distribute the same sections as part of a whole which is a work based on
the Program, the distribution of the whole must be on the terms of this
License, whose permissions for other licensees extend to the entire
whole, and thus to each and every part regardless of who wrote it."

Thus, it seems to me, and to the expert legal advice which we sought
(note the scope of the advice was Australian law only) that provided no
GLPed source or object code is mixed, included or combined with
non-GPLed code, and that the GPLed and non-GPLed code are distributed or
otherwise made available in packages which are very clearly separate
works, and that any interaction between the two is restricted to
runtime, then the GPL does not require that non-GPLed code to be
distributed under the GPL.

It is arguable whether that opinion is at odds with the sentiments
expressed in the FSF GPL FAQ - it depends whether importing two python
modules into the same namespace is considered equivalent to, as the FAQ
says, "run linked together in a shared address space", but ultimately,
it is what the GPL license text says, not what the FSF FAQ says, which
matters.

Note that I am not in favour of or advocating any attempt to circumvent
or undermine the GPL. I just think it is important to be guided by what
software licenses actually say, rather than by what the authors of the
licenses wished they had said in retrospect.

Tim C

 
Reply With Quote
 
Damjan
Guest
Posts: n/a
 
      02-07-2005
> For all you GUI developers, things just got a little more interesting.
> Trolltech will soon be offering the QT GUI toolkit for Windows under
> the GPL license. That means that PyQt may become a much more popular
> option in the near future.


This applies to QT-4 only.
I wonder how much of PyQT is ready for QT4?

Anyway its time for a PyQT based VB-killer [ a GPL one ].


--
damjan
 
Reply With Quote
 
Steve Holden
Guest
Posts: n/a
 
      02-07-2005
Luke Skywalker wrote:

> On Mon, 7 Feb 2005 18:30:18 +0100, Michael Goettsche.
> <(E-Mail Removed)> wrote:
>
>>Not 100% right. Only drivers for commercial databases will not be included,
>>mysql and co. are available.

>
>
> What I find weird, is that I always understood the GPL meaning that
> you must give back any contribution you made to the source code of the
> GPLed code, but not if you're just using either a binary distribution
> (eg. a DLL) or if you copy/pasted the code as is, with no changes on
> your own.
>
> If this is true, then the fact that Qt is now GPLed for Windows means
> that I should be able to use this widget set even in commercial apps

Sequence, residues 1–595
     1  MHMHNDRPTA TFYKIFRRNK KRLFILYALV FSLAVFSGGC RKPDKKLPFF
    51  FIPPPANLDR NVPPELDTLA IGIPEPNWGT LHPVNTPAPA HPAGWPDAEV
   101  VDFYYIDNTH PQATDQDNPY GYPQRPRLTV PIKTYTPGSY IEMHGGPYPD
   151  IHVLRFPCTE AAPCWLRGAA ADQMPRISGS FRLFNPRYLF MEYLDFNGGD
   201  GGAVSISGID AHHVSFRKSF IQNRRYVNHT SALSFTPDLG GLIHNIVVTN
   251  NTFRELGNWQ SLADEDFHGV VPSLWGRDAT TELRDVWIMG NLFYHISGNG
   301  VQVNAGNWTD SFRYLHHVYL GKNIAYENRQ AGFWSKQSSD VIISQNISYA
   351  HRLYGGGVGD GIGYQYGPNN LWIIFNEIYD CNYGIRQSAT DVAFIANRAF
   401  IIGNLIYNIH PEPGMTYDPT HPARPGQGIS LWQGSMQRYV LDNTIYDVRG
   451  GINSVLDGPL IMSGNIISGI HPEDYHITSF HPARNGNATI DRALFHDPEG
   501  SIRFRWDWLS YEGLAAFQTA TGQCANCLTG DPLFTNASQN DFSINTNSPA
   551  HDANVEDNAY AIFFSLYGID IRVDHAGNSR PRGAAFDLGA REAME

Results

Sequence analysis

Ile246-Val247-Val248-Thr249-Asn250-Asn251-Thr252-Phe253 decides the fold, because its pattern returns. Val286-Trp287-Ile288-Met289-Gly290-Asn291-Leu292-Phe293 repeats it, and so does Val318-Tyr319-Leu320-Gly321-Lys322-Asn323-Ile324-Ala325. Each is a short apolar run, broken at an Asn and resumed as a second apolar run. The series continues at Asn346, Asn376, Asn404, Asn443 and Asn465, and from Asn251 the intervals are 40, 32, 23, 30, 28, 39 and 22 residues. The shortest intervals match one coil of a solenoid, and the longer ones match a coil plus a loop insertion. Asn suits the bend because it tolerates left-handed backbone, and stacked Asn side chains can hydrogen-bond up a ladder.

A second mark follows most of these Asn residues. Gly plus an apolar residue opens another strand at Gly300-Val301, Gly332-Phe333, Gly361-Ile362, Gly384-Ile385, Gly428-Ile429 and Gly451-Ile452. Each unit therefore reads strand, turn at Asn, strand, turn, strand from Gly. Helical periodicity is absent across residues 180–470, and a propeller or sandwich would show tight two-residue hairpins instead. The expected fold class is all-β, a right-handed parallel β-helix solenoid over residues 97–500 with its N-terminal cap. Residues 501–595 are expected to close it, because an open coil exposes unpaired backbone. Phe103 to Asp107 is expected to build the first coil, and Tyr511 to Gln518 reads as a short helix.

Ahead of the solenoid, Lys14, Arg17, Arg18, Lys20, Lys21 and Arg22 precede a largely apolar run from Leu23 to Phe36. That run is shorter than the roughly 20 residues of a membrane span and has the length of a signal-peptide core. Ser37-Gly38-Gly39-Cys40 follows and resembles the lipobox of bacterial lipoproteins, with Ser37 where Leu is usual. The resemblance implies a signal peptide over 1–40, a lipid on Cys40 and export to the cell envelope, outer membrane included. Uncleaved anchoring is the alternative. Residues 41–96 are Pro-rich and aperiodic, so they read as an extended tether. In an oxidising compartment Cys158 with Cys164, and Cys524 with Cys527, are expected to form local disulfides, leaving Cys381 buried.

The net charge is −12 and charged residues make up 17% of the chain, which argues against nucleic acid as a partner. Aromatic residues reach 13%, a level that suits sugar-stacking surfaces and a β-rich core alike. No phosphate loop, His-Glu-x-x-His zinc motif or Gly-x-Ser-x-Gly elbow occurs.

> since I'm not making any change to Qt, just using it.
>
> Am I totally off-target?
>

Yes.

The GPL only dictates what you *must* do when you re-distribute GPL'd
code, or code derived from GPL'd code - and there's substantial room for
disagreement about what is and what is';t a derived product, with a
recent opinion suggesting that the FSF would regard importing a GPL'd
Python module as making your Python program constitute a "derived product".

As long as you don't redistribute anything you are free to do whatever
you want with GPL'd code. The intent of the license is essentially to
stop proprietary freeloaders from benefiting from GPL'd code without
giving anything back to the community. Microsoft choose to call this
"viral", but as usual they are talking out of their wallet.

regards
Steve
--
Meet the Python developers and your c.l.py favorites March 23-25
Come to PyCon DC 2005 http://www.pycon.org/
Steve Holden http://www.holdenweb.com/
 
Reply With Quote
 
 
 
Reply

Thread Tools

Posting Rules
You may not post new threads
You may not post replies
You may not post attachments
You may not edit your posts

BB code is On
Smilies are On
[IMG] code is On
HTML code is Off
Trackbacks are On
Pingbacks are On
Refbacks are Off


Similar Threads
Thread Thread Starter Forum Replies Last Post
GIDS 2009 .Net:: Save Big, Win Big, Learn Big: Act Before Dec 29 2008 Shaguf ASP .Net 0 12-26-2008 09:29 AM
GIDS 2009 .Net:: Save Big, Win Big, Learn Big: Act Before Dec 29 2008 Shaguf ASP .Net Web Controls 0 12-26-2008 06:11 AM
GIDS 2009 Java:: Save Big, Win Big, Learn Big: Act Before Dec 29 2008 Shaguf Python 0 12-24-2008 07:35 AM
Re: Re: Big development in the GUI realm Tim Churches Python 8 02-10-2005 12:19 AM
Re: Re: Big development in the GUI realm Tim Churches Python 20 02-09-2005 12:24 PM



Advertisments